As shown in Figure 2, we can take a research cluster of interest (denoted in blue) and track its citation relationships to other clusters using member publications.
Figure 2. Cluster-level Import and Export Citation Relationships
In this way, we are able to follow the paths of research imports or exports and track the development of research from cluster to cluster from an initial research cluster of interest. Using keyword search and techniques to select a cluster of interest (as we did in the Keyword Cascade Plots: a Visual Tool for Research Cluster Selection and Diving into Deep Learning with Keyword Cascade Plots snapshots to find clusters with deep learning research), we can choose a representative cluster for our task and investigate its import and export characteristics. Analyzing that cluster’s import, export, and member publication counts over time highlights the flow and interdependence of research. This highlights cases where, and the ways in which, more basic research communities produce work that flows to use in more applied settings. Below we show two example research clusters from our Deep Learning keyword results. Note that the analysis presented here is done on the underlying merged corpus data, and cannot be replicated directly in the Map of Science interface.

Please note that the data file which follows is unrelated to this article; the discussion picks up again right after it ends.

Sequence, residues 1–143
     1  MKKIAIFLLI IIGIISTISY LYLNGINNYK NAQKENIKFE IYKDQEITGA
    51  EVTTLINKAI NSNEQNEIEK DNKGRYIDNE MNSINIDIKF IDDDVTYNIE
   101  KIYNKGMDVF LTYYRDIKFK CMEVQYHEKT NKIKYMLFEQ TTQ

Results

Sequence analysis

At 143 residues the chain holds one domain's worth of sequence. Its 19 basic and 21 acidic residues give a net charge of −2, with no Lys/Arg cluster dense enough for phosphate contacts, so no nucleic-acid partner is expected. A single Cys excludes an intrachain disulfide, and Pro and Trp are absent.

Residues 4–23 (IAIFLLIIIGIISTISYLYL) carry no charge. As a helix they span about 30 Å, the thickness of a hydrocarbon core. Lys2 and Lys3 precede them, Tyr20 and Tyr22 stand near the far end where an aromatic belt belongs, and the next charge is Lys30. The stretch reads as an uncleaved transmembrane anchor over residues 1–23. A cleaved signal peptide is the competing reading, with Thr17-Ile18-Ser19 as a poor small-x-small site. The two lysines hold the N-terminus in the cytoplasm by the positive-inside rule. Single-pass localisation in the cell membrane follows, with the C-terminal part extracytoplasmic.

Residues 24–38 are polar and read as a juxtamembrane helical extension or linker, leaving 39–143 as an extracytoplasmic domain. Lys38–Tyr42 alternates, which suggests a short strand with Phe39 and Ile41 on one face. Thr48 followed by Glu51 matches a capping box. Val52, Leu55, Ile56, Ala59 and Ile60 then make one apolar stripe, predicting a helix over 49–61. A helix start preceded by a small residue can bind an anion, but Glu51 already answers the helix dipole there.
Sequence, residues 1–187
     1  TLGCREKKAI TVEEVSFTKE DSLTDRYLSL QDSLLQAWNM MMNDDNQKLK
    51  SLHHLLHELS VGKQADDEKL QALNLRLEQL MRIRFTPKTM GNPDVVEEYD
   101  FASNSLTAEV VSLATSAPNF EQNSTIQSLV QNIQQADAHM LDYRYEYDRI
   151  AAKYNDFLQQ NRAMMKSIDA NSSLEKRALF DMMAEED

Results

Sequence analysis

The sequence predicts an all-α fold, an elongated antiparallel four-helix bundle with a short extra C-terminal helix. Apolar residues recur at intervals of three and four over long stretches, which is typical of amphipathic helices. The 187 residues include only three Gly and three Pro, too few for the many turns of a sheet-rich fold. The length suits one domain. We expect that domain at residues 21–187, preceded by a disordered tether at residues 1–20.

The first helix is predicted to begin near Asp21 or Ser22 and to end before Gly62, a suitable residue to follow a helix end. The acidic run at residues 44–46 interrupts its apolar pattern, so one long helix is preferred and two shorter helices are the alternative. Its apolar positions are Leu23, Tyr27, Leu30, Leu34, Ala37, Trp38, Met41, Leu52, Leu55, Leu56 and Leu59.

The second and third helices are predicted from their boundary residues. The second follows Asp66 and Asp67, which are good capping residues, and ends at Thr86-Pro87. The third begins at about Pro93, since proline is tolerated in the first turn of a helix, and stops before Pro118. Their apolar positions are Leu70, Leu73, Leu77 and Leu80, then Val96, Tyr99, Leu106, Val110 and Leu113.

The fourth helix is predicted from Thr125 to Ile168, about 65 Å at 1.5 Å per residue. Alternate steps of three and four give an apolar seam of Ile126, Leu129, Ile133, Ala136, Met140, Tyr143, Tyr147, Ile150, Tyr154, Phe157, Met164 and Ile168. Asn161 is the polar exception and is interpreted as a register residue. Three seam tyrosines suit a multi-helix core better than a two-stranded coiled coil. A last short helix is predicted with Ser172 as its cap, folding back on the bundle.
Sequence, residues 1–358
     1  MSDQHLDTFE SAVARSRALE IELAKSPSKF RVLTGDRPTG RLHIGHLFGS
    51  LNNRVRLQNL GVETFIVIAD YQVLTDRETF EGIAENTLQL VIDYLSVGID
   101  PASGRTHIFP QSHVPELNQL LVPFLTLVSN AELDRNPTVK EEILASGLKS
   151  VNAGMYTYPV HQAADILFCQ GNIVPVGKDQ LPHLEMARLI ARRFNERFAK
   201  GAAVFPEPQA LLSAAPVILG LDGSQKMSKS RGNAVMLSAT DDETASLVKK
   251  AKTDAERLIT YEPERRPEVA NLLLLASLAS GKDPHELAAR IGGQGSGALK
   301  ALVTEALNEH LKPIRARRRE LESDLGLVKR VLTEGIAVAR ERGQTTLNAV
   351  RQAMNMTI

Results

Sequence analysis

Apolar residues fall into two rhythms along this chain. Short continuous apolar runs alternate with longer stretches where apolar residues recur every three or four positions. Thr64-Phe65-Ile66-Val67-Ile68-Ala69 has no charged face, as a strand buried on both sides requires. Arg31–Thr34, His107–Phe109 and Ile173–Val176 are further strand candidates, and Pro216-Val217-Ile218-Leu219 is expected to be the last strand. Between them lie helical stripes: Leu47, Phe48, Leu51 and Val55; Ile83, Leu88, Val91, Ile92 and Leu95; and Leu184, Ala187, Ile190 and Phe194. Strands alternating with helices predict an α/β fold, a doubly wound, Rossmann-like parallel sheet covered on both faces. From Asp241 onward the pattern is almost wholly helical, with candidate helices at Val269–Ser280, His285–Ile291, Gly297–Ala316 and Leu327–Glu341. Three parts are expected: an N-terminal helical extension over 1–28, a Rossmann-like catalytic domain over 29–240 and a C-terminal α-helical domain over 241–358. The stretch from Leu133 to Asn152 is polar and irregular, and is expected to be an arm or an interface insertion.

In Figure 3, we display the publication counts over time for research cluster 3886 (Neural Architectures). We find that citations of this cluster greatly increased (exports) in 2017, far surpassing the number of total member publications over time. If we analyze only the growth of the research cluster in isolation, ignoring the growth of its exports or use of the knowledge created by that research, we might miss valuable signals for the shift from research to application.
Figure 3. Research Cluster 3886 Import, Export, and Cluster Publication Counts Over Time (2016-2021)